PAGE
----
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Anal cancer

Anal cancer develops from squamous epithelial cells similar to cancer in the upper part of the gastrointestinal tract. Treatment of anal cancer differs from colorectal cancer.

Anal cancer also includes:

  • perianal cancer or anal margin – develops from basal epithelial cells in the skin approximately 5 cm around the anal verge
  • giant condyloma acuminatum (Buschke Löwenstein tumor) – occurs as large tumors in the perineum  

The anal canal is 3-4  cm long and approximately 1 cm shorter in women than in men. It stretches from the anal verge to about 1 cm above the dentate line, which is the transition from cylindrical epithelial cells in the rectum to squamous epithelial cells in the anal canal.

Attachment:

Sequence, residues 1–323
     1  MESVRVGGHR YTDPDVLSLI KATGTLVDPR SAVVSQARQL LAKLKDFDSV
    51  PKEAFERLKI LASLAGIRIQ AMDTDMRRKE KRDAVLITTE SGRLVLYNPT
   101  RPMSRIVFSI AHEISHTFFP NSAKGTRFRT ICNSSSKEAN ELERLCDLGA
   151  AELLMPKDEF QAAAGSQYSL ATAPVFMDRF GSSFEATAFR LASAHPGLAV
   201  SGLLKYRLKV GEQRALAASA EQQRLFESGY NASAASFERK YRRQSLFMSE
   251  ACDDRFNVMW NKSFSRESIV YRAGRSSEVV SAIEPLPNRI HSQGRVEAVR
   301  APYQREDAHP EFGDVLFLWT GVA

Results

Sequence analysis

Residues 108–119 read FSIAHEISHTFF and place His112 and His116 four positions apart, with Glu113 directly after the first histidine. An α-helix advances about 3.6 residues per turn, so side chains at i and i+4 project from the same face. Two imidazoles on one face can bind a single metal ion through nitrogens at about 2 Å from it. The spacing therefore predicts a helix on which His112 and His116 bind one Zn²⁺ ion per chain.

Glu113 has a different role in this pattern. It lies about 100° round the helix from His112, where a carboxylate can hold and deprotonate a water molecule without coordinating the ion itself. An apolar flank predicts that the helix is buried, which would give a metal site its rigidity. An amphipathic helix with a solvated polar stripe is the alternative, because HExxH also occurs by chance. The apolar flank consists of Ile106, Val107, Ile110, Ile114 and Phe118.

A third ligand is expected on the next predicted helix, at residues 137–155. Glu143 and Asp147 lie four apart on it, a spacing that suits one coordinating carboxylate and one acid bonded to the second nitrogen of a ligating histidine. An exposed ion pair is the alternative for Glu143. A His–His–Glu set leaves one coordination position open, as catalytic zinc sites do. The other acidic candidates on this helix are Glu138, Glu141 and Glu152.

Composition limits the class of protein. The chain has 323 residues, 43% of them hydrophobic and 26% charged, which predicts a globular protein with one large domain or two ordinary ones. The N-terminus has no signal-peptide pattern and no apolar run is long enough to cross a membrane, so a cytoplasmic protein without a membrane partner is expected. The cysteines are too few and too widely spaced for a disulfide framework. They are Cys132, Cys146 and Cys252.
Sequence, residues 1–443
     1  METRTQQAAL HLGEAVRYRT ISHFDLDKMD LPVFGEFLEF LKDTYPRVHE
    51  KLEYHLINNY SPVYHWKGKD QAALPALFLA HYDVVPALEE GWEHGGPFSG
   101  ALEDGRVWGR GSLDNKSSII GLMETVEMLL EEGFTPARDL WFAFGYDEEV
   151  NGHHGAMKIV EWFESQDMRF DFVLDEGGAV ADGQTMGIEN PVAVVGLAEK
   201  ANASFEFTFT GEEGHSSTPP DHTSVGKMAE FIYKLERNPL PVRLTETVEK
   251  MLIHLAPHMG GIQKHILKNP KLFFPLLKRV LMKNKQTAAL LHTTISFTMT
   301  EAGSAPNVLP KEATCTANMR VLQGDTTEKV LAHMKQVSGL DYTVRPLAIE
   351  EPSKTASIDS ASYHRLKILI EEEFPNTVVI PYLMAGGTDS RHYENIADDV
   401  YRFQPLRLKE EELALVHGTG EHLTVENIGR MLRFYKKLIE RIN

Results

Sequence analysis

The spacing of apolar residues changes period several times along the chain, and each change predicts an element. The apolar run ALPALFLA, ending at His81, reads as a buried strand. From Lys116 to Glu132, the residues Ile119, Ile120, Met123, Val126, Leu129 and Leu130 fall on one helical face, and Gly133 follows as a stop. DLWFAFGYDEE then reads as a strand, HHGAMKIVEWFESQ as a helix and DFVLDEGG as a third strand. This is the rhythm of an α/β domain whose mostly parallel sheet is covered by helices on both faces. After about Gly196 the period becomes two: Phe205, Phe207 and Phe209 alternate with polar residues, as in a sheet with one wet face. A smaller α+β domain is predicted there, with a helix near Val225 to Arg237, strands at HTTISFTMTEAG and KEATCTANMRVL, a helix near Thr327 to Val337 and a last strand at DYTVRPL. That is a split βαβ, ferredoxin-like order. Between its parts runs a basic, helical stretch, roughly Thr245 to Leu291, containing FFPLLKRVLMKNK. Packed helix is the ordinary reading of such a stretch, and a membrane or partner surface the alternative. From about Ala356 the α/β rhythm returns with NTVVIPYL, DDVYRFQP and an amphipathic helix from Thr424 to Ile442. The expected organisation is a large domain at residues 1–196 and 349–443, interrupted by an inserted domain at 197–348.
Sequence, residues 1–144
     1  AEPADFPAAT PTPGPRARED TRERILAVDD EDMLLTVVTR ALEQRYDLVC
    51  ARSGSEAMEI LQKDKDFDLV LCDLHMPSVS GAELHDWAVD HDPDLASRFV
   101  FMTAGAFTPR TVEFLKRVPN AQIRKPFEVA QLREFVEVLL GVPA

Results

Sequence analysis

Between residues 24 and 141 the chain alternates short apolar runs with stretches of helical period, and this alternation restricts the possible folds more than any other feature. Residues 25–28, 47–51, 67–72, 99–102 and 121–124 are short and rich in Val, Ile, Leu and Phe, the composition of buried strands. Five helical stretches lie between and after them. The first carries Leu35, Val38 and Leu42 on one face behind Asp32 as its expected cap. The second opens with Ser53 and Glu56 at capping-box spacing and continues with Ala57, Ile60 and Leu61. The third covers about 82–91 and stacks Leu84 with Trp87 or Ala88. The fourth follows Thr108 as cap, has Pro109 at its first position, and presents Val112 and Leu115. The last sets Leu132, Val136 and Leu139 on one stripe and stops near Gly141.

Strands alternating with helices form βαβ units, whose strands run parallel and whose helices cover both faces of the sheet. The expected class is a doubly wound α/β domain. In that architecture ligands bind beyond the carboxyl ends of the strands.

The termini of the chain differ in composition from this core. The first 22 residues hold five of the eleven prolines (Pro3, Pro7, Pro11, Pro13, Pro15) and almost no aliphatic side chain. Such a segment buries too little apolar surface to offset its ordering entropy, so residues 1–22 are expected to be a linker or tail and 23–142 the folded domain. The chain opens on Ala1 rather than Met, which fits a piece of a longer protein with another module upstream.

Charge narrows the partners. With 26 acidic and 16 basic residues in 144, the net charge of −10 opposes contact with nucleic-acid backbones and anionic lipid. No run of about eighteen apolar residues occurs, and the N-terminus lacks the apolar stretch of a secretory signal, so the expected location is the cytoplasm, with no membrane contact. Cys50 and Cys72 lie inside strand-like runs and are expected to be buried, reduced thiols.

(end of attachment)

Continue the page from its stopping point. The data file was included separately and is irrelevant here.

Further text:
In Norway 64 new cases of anal cancer were registered in 2013, 13 men and 51 women (16). This cancer type is more common in people over 60.

Giant condyloma acuminatum is very rare; there are less than 100 cases reported in the literature. This type of tumor occurs most commonly around the age of 40 and is two to three times more common in men than in women.


Age-specific incidence of cancer in the anal canal, 2009–2013.

Source: Cancer Registry of Norway



Incidence of cancer in the anal canal, 1954–2013.

Source: Cancer Registry of Norway

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